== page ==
Help with securing your work from home network

Help with securing your work from home network

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With the forced dispersal of the workforce, students, and the general populous, now is a good time to tighten up your home router and WiFi network. Scammers and hackers don’t take holidays – in fact given the increased uncertain and fear in the community, we are seeing more cases of at-home phishing and scam attempts.


Here are some simple actions you can take today to keep those parasites out of your home network and VPNs.


  1. Change the default “admin” password.

Most routers have a default username / password combination of “admin” / “admin” (or something easily guessed) with a default network address of something like ,, or You can literally Google default router login for X model and steps will be provided on how to log in using default credentials. Not changing your admin credentials is a hacker’s dream.


Now that your staff are working from home with your sensitive information sitting on various laptops and desktop systems, you need to be more vigilant than ever to look after your data.


Log onto the routers management interface and change the password to a best practice standard that you may already implement internally (or we can recommend for you).


  1. Improve the basics of home WiFi security

WPA2 and the newer WPA3 should be the configuration options of choice. Older WEP and WPA versions are more susceptible to basic brute force attacks by hackers, and Mac filtering has long been problematic. If the router offers the option, configure a guest WiFi network (for when visitors are allowed to return to your property), use WPA2 or WPA3 security, and use a strong SSID password. This may seem overly cautious but many domestic attacks stem from computers that are harbouring malicious content that the user may not even know about. These are difficult circumstances as it is without a guest accidentally and unknowingly exposing your corporate devices and data through your home network.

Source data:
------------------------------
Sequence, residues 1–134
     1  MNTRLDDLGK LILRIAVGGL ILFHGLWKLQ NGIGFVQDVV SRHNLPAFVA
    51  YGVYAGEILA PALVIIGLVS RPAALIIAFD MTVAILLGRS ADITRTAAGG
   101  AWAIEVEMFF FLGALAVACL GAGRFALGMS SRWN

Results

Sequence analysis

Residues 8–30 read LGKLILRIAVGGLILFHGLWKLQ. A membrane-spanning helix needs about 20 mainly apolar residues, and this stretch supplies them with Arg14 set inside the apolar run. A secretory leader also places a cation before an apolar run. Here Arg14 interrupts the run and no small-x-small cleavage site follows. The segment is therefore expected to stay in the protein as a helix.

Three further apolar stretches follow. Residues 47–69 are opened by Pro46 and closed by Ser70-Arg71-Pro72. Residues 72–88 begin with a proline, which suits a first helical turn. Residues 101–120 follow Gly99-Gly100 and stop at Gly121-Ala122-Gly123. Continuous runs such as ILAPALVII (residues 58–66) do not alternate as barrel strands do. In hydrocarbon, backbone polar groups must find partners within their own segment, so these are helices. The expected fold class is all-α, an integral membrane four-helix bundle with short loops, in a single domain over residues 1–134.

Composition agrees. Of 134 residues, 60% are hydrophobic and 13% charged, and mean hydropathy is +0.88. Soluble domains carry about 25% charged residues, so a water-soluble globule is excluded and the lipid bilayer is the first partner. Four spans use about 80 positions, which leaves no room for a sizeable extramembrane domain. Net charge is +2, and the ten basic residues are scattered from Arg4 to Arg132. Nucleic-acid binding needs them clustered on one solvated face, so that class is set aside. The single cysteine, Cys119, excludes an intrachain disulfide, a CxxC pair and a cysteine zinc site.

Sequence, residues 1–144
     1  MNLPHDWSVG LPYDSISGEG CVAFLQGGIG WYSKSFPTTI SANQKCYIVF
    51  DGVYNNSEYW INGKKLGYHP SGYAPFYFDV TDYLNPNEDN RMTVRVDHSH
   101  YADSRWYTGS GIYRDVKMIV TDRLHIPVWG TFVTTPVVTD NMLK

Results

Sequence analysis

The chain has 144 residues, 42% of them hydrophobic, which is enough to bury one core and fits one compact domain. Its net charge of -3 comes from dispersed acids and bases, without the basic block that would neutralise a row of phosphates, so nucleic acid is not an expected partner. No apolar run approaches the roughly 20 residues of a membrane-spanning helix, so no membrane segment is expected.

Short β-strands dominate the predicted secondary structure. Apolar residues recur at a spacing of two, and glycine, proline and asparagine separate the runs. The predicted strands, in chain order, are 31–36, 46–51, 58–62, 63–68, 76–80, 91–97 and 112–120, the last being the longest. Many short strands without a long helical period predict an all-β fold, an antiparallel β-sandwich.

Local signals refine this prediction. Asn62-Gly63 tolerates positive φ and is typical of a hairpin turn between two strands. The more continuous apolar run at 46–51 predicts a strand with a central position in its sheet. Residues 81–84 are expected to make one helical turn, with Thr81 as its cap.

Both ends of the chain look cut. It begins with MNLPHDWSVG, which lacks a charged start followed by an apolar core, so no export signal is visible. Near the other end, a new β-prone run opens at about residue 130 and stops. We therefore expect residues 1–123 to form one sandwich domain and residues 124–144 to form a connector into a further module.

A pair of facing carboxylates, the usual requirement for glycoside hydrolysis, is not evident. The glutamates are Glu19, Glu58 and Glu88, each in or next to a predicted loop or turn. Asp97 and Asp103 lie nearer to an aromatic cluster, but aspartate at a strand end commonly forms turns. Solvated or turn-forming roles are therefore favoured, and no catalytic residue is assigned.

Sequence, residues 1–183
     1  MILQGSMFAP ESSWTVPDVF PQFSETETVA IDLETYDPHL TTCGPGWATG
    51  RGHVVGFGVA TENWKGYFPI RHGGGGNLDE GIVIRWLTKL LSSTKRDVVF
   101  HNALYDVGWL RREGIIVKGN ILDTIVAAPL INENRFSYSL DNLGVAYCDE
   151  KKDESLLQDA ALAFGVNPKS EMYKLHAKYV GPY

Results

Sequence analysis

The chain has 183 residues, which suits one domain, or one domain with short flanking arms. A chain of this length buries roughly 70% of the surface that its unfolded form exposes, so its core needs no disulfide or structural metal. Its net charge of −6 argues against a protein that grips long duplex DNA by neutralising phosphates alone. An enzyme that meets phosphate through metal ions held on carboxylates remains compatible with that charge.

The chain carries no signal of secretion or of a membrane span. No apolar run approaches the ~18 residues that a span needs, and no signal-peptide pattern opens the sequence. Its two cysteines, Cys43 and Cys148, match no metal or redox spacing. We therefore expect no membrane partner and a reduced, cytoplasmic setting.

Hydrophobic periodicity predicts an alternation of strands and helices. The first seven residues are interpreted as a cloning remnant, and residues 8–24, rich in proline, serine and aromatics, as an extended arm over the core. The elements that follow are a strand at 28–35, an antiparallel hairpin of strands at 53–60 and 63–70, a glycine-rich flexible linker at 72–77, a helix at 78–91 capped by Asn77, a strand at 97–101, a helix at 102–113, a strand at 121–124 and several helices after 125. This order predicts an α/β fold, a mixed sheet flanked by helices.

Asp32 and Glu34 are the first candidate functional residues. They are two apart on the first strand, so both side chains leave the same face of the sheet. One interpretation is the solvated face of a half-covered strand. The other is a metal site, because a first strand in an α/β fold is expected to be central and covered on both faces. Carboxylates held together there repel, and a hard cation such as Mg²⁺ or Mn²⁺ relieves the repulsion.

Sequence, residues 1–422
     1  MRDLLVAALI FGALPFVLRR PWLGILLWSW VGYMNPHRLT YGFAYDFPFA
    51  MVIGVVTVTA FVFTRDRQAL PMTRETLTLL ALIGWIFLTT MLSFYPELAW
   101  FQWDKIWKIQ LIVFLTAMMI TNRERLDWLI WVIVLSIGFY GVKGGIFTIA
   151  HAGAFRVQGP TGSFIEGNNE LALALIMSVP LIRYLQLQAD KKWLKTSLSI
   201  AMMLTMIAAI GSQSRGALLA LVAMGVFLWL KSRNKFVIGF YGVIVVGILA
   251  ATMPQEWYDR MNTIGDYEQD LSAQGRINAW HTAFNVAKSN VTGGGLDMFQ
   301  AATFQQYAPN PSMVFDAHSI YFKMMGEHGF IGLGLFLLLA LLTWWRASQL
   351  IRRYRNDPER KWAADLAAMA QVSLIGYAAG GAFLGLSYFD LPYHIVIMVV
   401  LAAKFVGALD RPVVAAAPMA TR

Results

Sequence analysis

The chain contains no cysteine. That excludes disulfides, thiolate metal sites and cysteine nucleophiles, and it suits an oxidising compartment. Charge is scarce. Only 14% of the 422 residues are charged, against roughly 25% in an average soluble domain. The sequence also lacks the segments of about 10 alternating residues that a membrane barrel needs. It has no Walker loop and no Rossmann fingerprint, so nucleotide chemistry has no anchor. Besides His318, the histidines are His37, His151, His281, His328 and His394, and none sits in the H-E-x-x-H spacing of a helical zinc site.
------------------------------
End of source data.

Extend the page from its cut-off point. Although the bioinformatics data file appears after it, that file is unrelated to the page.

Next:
1. Secure your smart home devices (e.g., IoT devices such as Alexa, Google Home etc)

If you’ve got smart home devices / IoT devices connecting to your network (e.g., fridges, CCTV cameras, lights, door bells, pool controllers, etc), make sure each device’s password is changed from the default settings. Again, this is more important right now than ever because the home network is being used exponentially more each day than previously. There is no shortage of Work From Home cyber criminals who are sweating on an unprotected, overlooked networked device.


  1. Keep firmware / software up to date on all home devices.

It is common knowledge and common practice in the workplace to keep all network connected devices patched and up to date to mitigate against security vulnerabilities. At home, that’s no different and it is even more important now as hackers will be working hard to access unpatched network-connected devices as an easy entry point. If automatic updates are possible on the device, consider allowing it – if you are not disciplined enough to read the release notes and update manually, click “yes”!


It’s a good idea to regularly go to your vendor’s websites and check for updates manually. It’s a little tedious and requires discipline but does not diminish its relative importance in keeping you and your business safe.


Even at home, keep your screens locked when you are not at the computer and keep to good physical security practices (e.g., don’t leave your laptop in the car).


Aryon is here to help you. By all means send us an email or give us a call if you are not sure how to best secure yourself or your team whilst they are offsite. We will do whatever we can to make sure you are safe, secure, productive and mobile.


Keep safe,

From the team at Aryon.

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